4. Sell It

As they say, one person’s trash is another person’s treasure. In today's digital world you can pass along your unwanted items and make a little extra cash without setting up everything in your front yard. If you’re a Facebook user, consider the marketplace where you can list items for sale, or join an online yard sale group by simply searching your town name and online yard sale. For example, Reading, MA Online Yard Sale and North Shore Online Yard Sale are just two local options. In addition to using social media, Craigslist and online consignment stores are other resources for easy online selling.

5. Get Rid of It

While recycling, donating or selling unwanted items are good initial options, don’t hesitate to dispose of items that you no longer need or want. Visit your town website for regulations on what types of items can be disposed of curbside or at trash collections centers. If your purging effort is substantial, renting a dumpster or dumpster bag are also good options. 

6. Reorganize

Once you’ve purged and decluttered your home, set yourself up for a quick and easy spring cleaning next year by getting reorganized. Like the sorting process, approach the reorganization process room by room. Are you making the most of the space in your living room? Can you eliminate clutter by adding more storage in the kitchen? Do the bookshelves in your office need reorganizing? Are hair products and makeup taking over your bathroom counter? HGTV offers some great tips to help you declutter one room at a time.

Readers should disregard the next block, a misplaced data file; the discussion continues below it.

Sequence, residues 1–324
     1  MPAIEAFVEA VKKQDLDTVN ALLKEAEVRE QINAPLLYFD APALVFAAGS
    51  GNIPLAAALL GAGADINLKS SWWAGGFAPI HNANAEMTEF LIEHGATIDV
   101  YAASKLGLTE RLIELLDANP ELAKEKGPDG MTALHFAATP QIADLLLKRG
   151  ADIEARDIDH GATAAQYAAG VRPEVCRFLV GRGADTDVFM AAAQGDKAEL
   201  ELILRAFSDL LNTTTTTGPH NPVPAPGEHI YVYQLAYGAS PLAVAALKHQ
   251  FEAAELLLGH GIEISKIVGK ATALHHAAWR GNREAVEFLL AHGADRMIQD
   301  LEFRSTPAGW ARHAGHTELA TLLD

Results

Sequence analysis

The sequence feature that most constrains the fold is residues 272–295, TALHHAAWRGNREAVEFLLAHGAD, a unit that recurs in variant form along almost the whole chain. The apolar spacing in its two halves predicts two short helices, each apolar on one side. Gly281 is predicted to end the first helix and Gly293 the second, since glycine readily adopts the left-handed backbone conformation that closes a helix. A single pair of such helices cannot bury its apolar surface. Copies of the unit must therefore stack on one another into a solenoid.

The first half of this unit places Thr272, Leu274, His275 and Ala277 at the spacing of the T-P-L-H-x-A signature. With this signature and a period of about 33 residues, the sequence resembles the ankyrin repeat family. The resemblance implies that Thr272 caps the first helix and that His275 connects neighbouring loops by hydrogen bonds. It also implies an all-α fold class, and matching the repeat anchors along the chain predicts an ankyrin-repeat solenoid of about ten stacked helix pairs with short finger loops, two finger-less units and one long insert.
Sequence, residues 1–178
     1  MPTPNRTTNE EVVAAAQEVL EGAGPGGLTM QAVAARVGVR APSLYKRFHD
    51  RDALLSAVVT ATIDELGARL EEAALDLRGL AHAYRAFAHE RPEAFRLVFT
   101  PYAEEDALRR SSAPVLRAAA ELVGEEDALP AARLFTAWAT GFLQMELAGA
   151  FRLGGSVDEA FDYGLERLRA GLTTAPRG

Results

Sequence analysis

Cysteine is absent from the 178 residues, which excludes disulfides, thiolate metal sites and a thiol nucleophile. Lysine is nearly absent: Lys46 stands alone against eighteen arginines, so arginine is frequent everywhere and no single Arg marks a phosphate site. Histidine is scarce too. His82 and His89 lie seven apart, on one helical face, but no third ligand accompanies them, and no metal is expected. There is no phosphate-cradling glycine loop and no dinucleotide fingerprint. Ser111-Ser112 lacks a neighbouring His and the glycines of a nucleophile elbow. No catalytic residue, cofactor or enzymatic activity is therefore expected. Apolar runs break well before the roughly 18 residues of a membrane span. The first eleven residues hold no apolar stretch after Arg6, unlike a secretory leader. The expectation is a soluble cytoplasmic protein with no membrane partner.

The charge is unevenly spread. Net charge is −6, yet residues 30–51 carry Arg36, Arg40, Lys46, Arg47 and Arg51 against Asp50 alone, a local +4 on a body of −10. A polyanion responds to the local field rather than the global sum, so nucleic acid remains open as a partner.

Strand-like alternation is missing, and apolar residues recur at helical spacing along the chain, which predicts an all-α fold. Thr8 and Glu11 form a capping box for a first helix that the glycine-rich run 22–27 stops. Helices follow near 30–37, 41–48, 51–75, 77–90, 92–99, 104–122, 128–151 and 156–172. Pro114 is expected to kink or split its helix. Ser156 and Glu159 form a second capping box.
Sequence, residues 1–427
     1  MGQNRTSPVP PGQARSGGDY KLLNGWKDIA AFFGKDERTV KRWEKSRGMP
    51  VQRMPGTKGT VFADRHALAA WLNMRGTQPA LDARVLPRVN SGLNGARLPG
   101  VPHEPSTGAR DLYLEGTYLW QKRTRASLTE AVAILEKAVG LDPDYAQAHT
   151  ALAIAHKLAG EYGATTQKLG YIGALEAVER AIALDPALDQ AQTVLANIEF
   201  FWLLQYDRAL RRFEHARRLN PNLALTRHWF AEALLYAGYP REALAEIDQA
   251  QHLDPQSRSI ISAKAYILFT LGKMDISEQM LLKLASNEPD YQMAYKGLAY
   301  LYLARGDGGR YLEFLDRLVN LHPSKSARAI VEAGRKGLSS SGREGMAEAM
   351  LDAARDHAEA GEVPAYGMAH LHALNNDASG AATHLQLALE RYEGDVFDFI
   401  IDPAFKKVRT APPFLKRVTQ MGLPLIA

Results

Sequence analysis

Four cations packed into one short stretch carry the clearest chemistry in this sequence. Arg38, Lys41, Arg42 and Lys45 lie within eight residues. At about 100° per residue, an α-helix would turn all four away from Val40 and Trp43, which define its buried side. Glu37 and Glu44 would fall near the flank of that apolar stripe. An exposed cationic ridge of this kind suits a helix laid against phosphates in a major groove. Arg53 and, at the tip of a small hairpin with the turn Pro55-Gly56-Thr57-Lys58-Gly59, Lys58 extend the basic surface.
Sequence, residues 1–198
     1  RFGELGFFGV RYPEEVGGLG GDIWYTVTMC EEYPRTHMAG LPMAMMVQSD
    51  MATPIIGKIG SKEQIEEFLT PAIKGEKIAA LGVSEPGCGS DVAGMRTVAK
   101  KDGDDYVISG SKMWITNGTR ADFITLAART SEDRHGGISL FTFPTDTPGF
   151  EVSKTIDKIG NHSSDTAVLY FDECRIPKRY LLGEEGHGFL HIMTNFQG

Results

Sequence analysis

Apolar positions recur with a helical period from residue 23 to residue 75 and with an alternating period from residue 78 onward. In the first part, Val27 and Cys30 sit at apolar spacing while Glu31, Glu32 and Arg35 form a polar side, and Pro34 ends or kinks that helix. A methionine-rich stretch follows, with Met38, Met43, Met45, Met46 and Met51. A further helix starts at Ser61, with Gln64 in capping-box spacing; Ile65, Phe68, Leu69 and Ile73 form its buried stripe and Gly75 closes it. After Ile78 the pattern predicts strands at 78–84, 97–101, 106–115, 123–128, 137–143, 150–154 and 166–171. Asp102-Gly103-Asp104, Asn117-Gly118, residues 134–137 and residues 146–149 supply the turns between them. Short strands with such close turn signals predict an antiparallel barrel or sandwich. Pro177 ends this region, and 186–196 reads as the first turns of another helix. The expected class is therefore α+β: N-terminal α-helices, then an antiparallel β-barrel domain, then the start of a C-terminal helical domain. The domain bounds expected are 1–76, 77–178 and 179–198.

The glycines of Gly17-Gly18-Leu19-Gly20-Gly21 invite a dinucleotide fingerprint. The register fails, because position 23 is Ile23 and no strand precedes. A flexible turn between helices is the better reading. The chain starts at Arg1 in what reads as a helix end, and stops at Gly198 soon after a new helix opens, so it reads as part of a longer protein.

Sorting, purging and organizing is indeed a process and not a one-day event. Using the room by room approach will certainly make your spring cleaning less daunting and perhaps more satisfying.

Pro Tips to Protect Your Home from Snow and Ice

Let’s face it, winter in New England can be brutal. With blizzards, nor’easters and freezing temperatures, this time of year is tough not only on you, but on your home too. Safeguard your home and property from snow, ice and cold temperatures by heeding these winter weather precautions.

Avoid Ice Dams – Tips from The Spruce

  • Keep gutters and downspouts free of dirt and debris.
  • Use a roof rake to remove the lower four feet of snow from the roof edge (rake carefully so you don’t damage the shingles).
  • Eliminate additional heat in the attic by ensuring that recessed lights and duct work are properly insulated.

Dodge Frozen Pipes – Tips from Bob Vila

  • First and foremost, never turn the heat off if you leave the house for an extended period of time. Bob Vila suggests leaving the temperature set to 55°F.
  • When temperatures are below freezing, relieve pressure and keep the water flowing by turning faucets on just enough to drip.